The 600-plus school districts suing the state this time around are organized in four groups, loosely according to how they believe the system is broken. Jefferson, representing districts led by Fort Bend ISD, laid out a narrative that is central to the case against the state: The Legislature raised its expectations of schools — by creating the STAAR exam in 2009 — but then cut billions in school funding in 2011. Now, four years later, a third of Texas school districts still get less money than they did before those cuts.
The makeup of the public school system has shifted since the last school finance case, too. Today, a larger share of Texas students are from poor households or require special services that cost more. Texas does weight its funding to provide extra money for those students, but Marisa Bono with the Mexican American Legal and Educational Fund (MALDEF), told justices on Tuesday that the amount of money is “wholly unrelated to the needs of those students.” Texas was a leader way back in 1984 when it created those funding weights, recognizing that some students cost more to educate than others.
But even though Texas has the second-highest population of students with limited English, and even though test scores among low-income elementary students are dropping, the state hasn’t even studied how much more to spend on their education, Bono said. The state’s budget process, she said, has reflected a “systematic disregard for the growing demographics in this state.”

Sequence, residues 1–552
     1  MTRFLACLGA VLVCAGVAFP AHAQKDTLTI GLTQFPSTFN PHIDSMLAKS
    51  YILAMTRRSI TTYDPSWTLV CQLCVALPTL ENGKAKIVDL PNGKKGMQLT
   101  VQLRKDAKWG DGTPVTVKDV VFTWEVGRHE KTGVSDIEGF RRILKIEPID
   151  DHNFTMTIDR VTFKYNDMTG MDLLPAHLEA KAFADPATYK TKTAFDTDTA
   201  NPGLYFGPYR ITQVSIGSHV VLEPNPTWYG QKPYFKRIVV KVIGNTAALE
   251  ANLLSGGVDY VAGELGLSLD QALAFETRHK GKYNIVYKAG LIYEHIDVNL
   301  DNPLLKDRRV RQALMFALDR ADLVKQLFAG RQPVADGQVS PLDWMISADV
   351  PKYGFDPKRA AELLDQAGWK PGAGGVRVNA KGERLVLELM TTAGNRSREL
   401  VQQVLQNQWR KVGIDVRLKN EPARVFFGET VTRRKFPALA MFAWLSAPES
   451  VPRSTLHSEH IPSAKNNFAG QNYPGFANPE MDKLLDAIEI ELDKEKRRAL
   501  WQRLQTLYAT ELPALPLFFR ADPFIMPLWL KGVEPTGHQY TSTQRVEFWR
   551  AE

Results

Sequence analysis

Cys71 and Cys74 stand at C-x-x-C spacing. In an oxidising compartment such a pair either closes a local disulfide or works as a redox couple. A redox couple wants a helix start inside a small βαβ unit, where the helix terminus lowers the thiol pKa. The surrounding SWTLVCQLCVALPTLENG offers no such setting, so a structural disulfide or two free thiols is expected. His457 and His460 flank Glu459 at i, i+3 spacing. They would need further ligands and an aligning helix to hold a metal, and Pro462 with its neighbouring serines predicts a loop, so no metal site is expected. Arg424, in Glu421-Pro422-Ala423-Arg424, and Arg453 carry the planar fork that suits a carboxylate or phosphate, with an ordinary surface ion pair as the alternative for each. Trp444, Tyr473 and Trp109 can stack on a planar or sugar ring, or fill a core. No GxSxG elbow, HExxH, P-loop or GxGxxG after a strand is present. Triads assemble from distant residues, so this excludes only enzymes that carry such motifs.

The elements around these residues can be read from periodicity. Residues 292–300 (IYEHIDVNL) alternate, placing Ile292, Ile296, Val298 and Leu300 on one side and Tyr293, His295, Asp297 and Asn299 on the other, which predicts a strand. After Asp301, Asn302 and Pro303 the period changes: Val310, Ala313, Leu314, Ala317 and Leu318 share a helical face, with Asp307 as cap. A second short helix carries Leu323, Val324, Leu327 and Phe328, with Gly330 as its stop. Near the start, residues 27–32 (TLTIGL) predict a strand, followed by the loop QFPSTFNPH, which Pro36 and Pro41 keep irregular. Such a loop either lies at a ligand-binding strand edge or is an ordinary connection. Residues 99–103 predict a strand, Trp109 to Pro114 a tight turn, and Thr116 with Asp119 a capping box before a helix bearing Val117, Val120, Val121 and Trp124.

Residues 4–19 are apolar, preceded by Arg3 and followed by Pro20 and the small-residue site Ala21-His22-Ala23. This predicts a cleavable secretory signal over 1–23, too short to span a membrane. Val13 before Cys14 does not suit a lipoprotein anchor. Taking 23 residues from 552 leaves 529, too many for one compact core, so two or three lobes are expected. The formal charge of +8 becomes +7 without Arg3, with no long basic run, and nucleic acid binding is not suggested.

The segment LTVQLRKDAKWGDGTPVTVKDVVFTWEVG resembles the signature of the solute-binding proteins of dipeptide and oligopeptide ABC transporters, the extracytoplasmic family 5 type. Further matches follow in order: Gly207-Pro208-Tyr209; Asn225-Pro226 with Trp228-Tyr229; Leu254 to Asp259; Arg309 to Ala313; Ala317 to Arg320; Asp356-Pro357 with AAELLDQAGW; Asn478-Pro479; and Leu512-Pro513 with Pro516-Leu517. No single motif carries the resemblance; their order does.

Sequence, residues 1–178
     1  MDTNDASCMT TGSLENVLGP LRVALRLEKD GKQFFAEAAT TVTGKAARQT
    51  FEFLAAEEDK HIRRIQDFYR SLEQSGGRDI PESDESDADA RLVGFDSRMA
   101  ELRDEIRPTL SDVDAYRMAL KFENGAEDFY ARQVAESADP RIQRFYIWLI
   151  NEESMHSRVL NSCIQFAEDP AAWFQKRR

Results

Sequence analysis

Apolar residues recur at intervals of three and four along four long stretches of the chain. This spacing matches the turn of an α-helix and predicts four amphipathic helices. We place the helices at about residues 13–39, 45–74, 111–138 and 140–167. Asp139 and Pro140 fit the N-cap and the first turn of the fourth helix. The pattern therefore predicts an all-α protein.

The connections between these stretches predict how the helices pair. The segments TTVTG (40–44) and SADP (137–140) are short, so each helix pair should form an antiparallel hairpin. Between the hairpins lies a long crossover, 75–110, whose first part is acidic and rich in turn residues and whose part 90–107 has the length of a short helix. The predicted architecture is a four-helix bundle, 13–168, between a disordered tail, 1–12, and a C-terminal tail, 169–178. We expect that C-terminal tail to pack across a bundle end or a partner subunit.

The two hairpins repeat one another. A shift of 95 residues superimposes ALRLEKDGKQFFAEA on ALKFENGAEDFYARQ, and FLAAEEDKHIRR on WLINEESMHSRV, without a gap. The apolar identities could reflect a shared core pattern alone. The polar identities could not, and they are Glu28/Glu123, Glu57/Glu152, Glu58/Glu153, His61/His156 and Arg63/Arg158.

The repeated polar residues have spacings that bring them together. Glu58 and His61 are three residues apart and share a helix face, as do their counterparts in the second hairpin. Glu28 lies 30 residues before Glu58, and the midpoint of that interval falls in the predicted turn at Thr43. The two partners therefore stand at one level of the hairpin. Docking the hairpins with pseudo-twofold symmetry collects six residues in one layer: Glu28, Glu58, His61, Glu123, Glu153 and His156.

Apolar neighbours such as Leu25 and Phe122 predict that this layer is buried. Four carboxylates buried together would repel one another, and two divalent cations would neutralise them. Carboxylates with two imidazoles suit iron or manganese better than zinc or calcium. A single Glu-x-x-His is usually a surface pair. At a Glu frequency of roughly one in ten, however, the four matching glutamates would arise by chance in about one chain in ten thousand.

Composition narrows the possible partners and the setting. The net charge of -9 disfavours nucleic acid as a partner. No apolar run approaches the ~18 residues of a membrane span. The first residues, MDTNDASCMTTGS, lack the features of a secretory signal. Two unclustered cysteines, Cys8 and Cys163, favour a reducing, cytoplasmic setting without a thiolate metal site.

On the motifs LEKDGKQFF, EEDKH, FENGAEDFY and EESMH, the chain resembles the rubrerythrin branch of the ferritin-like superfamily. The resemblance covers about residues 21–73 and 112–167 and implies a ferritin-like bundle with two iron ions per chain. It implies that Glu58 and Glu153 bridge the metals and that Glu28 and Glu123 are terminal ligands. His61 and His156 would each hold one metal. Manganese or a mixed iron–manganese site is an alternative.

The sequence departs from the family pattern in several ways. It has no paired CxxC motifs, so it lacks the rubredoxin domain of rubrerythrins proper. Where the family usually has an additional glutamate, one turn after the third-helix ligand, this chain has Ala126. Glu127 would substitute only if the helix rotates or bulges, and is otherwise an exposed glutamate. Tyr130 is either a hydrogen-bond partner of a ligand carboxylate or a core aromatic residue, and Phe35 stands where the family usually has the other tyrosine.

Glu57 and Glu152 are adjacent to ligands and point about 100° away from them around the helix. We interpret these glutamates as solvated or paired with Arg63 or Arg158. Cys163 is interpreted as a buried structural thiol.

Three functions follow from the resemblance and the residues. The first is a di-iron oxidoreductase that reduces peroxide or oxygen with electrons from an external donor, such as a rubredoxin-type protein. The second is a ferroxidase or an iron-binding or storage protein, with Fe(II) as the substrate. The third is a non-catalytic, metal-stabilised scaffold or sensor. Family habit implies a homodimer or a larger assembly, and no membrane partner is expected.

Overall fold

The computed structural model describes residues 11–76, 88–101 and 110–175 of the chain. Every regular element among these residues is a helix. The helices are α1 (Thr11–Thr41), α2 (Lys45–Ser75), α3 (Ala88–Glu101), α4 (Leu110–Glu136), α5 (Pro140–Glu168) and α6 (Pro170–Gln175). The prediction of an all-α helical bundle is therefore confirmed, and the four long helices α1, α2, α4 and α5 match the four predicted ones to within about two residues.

So how much money is enough? That was another common question from justices this morning, and every lawyer demurred when given the chance to answer. In school finance cases, the tradition dictates that the judges decide whether the current funding is too low, and lawmakers then try to guess at the new target.
The Legislature could make this all a lot simpler by commissioning a study of what it actually costs to meet the standards it has set, but lawmakers have never done so. A study commissioned by school districts during the district court trial showed that the state would need to spend, at minimum, around $800 more per student.
But Craig Enoch, another former Supreme Court justice arguing for another group of plaintiffs Tuesday morning, told justices that a true accounting of the cost of education may show that Texas spends too much, not too little. Enoch represents a group called Texans for Real Efficiency and Equity in Education, which argues for “qualitative efficiency” in the system, a phrase borrowed from a prior school finance opinion. Organized by former Texas House Education Chair Kent Grusendorf, who now steers education policy for the conservative Texas Public Policy Foundation, the group argues that there’s too much waste in the school system, and that the true path to the “efficient system” required by the Texas Constitution is one with tighter purse strings.
That’s a novel take for a school finance case — as is the argument, brought by a group of charter schools, that the school finance system is discriminatory toward charter schools because it doesn’t provide funding for their school buildings.
Defending the system against all these claims, lawyers for the state urged justices to consider the schools’ results rather than how much money the state puts in. By that measure, Assistant Solicitor General Rance Craft told justices, the system may not be perfect, but it’s good enough.
For instance, Texas students have the second-highest graduation rate in the country, he argued, along with average scores on the ACT and slightly below-average scores on the SAT.
“We want to do better,” he said. “That’s not where we want to be. But it does show a system that is constitutionally adequate.”